How times change.
At the end of President Obama's first 100 days, he was at the top of his game, his approval rating was over 60%, the stimulus package had passed and the public waited for it to work its magic on the economy. Around these parts, however, some cautionary advice was offered to watch out for "rhetorical overkill" that could endanger "his likability and credibility."
Today, on his 200th day in the White House, those words seem somewhat prophetic. Yes, Obama got his first Supreme Court nominee, Sonia Sotomayor confirmed on Thursday. But not only did that 68-31 vote turn out to be more partisan than anticipated, there are other storm clouds on the horizon.
A new Quinnipiac poll has him at just 50% approval and 42% disapproval. While others look a little better, the overall picture is the same -- a downward trend. He's clearly lost control of the health care debate. This month's PR push is beginning to look more like a defensive gesture to recover lost support, rather an affirmative building effort. When White House operatives are forced to refer to health care reform opponents in town hall meetings across the country as a "mob," it reeks of desperation.
How did it fall apart so quickly in the jog from Day 101 to 200? Blame Obama's handling of three issues: The economy, health care and the Henry Louis Gates affair:
1) Economy. The public was initially willing to accept ratcheted up spending, but no more. The same poll that showed Obama's dwindling approval rating also revealed deep concern over rising deficits. With another estimated 550,000 jobless claims filed in July -- and the deficit having reached $1.3 trillion -- it becomes more difficult for Obama to convince a wary public that his economic proposals are working. "Cash for clunkers" is looking like not just a program, but a metaphor for Obama's general plan for the economy: throw money at problems.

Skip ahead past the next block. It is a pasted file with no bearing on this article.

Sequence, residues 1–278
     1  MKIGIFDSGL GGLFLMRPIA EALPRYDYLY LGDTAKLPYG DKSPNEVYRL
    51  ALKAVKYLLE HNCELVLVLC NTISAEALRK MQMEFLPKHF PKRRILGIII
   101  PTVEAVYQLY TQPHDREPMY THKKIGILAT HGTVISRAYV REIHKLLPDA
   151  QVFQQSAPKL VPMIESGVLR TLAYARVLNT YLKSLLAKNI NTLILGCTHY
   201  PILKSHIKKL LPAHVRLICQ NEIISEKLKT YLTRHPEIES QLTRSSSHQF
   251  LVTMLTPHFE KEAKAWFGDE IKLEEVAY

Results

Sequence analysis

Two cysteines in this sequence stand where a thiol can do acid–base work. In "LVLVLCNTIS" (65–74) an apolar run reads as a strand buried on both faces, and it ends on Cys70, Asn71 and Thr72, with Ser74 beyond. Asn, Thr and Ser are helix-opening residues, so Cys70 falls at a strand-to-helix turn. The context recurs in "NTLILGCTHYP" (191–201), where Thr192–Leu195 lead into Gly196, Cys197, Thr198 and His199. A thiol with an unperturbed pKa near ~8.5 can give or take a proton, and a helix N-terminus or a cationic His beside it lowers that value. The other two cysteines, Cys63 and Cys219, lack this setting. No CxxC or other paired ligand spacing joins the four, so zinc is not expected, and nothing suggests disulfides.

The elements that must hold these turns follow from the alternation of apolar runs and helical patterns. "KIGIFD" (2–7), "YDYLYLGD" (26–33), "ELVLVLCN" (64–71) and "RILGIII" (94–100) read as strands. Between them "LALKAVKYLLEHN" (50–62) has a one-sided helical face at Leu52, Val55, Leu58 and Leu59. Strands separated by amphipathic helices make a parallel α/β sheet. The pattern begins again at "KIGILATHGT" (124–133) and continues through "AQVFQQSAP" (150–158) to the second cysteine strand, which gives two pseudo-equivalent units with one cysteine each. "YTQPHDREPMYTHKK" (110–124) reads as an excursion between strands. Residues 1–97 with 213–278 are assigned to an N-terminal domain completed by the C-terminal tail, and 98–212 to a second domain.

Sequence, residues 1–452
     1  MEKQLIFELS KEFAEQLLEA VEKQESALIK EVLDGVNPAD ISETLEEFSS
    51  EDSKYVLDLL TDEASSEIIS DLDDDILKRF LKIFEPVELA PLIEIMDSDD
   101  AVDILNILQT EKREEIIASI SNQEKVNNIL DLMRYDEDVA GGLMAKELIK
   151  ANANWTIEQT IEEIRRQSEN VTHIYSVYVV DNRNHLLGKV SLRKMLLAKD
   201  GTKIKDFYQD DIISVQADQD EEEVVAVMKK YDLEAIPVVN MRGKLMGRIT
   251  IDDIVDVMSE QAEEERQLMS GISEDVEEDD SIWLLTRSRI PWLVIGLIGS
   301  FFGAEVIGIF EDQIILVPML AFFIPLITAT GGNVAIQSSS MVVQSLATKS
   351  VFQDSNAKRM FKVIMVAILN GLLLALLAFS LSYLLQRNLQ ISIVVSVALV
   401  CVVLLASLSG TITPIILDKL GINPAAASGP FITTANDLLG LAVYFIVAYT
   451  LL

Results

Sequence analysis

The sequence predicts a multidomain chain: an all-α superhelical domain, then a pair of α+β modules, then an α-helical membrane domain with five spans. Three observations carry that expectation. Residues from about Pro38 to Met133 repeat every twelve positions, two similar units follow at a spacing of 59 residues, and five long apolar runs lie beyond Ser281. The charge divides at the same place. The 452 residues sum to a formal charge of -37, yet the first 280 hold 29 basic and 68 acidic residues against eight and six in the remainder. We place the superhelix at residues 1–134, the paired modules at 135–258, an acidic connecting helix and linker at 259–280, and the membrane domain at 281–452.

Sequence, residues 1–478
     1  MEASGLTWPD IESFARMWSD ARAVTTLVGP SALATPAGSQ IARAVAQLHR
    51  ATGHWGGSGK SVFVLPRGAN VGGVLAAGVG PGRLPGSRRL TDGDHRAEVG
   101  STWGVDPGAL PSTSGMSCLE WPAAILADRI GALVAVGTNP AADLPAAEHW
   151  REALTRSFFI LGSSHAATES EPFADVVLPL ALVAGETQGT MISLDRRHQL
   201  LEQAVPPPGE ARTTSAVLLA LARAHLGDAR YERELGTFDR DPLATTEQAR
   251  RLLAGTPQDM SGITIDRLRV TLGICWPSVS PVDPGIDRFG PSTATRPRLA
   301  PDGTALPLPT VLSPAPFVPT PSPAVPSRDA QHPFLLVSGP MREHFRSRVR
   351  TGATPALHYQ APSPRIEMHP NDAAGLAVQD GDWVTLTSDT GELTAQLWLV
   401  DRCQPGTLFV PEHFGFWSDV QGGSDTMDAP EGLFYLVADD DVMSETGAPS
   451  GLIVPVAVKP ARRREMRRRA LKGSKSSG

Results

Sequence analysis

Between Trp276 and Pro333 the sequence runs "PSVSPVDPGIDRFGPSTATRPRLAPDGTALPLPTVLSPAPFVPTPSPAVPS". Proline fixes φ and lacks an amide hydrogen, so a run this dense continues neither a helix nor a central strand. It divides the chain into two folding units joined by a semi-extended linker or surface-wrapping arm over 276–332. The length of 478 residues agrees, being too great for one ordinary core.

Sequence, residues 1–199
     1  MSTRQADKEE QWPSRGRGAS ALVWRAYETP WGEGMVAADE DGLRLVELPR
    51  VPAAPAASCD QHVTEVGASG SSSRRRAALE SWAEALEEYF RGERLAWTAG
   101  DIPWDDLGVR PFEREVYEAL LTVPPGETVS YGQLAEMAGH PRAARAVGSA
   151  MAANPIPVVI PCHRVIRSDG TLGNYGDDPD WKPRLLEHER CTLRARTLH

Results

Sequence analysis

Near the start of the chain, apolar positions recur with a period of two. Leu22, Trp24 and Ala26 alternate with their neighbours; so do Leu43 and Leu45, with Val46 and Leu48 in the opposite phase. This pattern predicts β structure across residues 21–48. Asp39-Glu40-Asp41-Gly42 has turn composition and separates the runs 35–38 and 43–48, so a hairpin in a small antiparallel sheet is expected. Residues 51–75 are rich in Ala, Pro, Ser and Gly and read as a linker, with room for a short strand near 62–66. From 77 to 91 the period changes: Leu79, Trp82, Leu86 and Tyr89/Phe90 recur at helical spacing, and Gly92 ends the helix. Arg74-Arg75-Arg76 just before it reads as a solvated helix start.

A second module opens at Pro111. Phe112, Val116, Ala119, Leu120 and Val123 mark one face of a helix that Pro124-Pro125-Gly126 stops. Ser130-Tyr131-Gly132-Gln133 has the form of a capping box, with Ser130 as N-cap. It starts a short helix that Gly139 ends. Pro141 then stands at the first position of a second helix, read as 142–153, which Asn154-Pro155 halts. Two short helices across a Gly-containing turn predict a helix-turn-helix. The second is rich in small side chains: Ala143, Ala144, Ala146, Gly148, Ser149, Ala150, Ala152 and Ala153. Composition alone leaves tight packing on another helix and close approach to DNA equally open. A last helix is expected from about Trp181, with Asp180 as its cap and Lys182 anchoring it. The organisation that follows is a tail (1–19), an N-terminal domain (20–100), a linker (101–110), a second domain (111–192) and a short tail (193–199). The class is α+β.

2) Health care. In a vacuum, the promise of near-universal health coverage sounds great. But, just as with the Clinton approach 15 years ago, the more the public hears about the various plans coming out of Congress, the less they like the idea. What's scaring people away? Fear of both the long-term fiscal costs of a health care program and fear that the insurance benefits that most Americans already have might be endangered.
At one time, the White House might have imagined that Obama's personal popularity would convince a wary public that the health care reform was essential to the nation's long-term recovery. But his likeability isn't what it used to be. For that, one can thank...
3) Henry Louis Gates. The aforementioned Q poll is the first one that truly illustrates what self-inflicted damage Obama did with his press conference response to the Gates arrest:
Obama acted "stupidly" in the dispute between a black professor and a white police officer, American voters say 49 - 33%. By 62-26%, voters say the president should not have intervened in this matter. While black voters largely back the president's position and involvment ine matter, white voters overwhelmingly did not.
Obama battled to win over working-class whites during his primary battle with Hillary Clinton, and they remain the loosest part of Obama's coalition. The Gates affair re-stoked their suspicions about Obama. Doubts inspired by the race controversy may have spilled over into white voters' views of Obama in general, as predicted here at the time.
The question for the president now is: Can he recalibrate the debate in a month where the public traditionally tunes out politics and especially policy? He has little choice. If he burns up political capital and still takes it on the chin with a signature issue, Democrats face a woeful mid-term election atmosphere in 2010 -- especially if the economy doesn't turn around.